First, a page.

An Exeter-Milligan touchdown pass with 40 seconds left in the first half cut FC Sacred Heart’s lead to two, 22-20, after the Irish owned a 22-6 second-quarter lead with about five minutes remaining in the opening half. A successful Jensen two-point conversion run would’ve tied the game if not for a holding penalty that made the Timberwolves try again from the 13-yard-line; FCSH held to keep its two-point lead entering halftime.
Kean took a 78-yard kickoff return back to the house and added the two-point conversion run to give his team a 14-6 lead with 9:46 to play in the opening half. Four minutes later, a Bryant Jorn fumble recovery at the Timberwolves five-yard-line set up a five-yard TD run by senior QB Austin Malone and two-point conversion run by Kean to give FCSH a 22-6 lead with 5:58 to play in the first half. Jensen can claim ownership of the second half – in both these teams’ meetings (he rushed for 175 of his 225 yards in the second half of the 46-20 Oct. 20 E-M win) – but Kean was king in the first half Monday. Sixteen of those 22 first-half points came courtesy of the senior’s legs, which carried the Irish offense to the tune of 1,264 yards and 9.4 yards per carry in ’14. His 15-yard TD run gave FCSH a 6-0 lead it wouldn’t surrender until the third quarter. And though FCSH’s offense was held to 182 rushing yards – 105 fewer than its per game average coming in – Kean’s 81 yards on 14 carries (5.8 per) was hardly indicative of a struggling run game.
Another Jensen five-yard touchdown run with 9:58 to play in the second quarter tied the rematch at 6-6 Monday afternoon. Malone helped snuff a Jensen run on the two-point conversion attempt. Another Jensen TD with 4:05 and successful two-point conversion attempt made it a one-score game four minutes before intermission: 22-14.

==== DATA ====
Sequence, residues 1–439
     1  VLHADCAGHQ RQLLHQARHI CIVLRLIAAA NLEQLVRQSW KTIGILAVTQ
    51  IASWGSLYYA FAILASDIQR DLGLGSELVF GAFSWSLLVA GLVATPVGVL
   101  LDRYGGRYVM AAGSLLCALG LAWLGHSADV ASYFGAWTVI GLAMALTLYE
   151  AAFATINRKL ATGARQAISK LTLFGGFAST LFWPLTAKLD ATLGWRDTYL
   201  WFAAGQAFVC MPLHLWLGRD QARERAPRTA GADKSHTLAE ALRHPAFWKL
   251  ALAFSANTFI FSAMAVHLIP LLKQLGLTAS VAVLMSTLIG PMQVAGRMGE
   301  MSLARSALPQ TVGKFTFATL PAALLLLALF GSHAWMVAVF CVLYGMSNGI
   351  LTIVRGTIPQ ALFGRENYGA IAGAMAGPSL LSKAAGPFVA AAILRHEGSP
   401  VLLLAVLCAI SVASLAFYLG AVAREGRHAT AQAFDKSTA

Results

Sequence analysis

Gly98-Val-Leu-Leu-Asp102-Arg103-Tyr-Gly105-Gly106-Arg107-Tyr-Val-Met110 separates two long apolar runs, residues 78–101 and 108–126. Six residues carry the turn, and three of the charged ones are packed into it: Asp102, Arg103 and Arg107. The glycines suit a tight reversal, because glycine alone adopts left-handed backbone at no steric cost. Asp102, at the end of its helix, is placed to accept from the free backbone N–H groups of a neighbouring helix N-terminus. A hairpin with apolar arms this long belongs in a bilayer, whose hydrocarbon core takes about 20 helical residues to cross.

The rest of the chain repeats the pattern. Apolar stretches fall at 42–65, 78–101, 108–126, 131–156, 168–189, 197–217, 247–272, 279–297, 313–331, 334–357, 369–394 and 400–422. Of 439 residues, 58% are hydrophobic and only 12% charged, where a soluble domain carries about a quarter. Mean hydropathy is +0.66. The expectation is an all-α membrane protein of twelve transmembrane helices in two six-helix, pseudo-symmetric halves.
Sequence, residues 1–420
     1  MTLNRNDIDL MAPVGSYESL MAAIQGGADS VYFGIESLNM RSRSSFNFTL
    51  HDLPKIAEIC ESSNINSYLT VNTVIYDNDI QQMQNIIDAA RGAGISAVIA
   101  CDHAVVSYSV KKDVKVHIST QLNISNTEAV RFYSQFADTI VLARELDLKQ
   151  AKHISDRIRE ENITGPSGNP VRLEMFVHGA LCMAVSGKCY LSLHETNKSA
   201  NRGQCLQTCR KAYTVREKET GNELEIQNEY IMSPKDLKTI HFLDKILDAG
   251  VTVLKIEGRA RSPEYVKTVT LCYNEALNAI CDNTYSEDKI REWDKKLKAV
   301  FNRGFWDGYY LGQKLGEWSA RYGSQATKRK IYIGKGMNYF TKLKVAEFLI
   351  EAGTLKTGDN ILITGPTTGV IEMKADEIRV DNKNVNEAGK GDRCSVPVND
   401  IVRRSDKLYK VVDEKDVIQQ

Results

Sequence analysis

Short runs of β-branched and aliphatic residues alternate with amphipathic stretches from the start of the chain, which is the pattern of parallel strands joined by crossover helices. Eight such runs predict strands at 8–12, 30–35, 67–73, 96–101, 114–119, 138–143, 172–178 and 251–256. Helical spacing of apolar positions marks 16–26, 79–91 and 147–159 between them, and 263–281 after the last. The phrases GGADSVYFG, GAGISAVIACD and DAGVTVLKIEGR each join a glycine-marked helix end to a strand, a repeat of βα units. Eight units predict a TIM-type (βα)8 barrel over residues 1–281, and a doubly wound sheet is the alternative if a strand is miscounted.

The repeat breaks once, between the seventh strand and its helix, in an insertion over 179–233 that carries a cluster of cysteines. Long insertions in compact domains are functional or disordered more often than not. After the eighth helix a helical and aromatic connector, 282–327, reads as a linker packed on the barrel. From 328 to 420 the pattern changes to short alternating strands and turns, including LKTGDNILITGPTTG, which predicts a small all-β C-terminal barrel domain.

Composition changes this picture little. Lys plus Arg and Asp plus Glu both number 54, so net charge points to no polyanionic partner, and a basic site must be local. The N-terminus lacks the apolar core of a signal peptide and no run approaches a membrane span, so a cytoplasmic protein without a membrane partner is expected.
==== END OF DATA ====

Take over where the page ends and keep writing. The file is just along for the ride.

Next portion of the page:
A goal line stand and nine-play, 70-yard touchdown drive, capped by Kean’s 15-yard scoring run, gave FC Sacred Heart a 6-0 lead over the unbeaten Timberwolves. Unfortunately, playing from behind was at that point nothing new to E-M. In addition to that Oct. 10 comeback against FCSH, Exeter was coming off a two-point win over Humphrey St. Francis in which it trailed by two scores with less than seven minutes to play.
Malone appeared to give his team an 8-0 lead with the two-point conversion run, but a late penalty flag took the points off the board and made FCSH try again from the 15. A Malone pass attempt was no good.
Those two points would’ve been big. That play was big – they all, as it turned out, were big.
“This was a tough game for our players,” Goltz said, referring to all the factors, particularly the bitter cold conditions. “It’s a game you don’t want to play in very often.”
Not that they wouldn’t do it all again tomorrow, if given the chance. Especially the seniors.
“These six seniors did a great job all year – they’re a tough group,” Goltz said, speaking of Malone, Kean, Scheitel, Kirkendall, Ben Mullins and Samuhl Arnold. “Hopefully next year we can keep it going, but we’ll miss this group. They’re competitors.”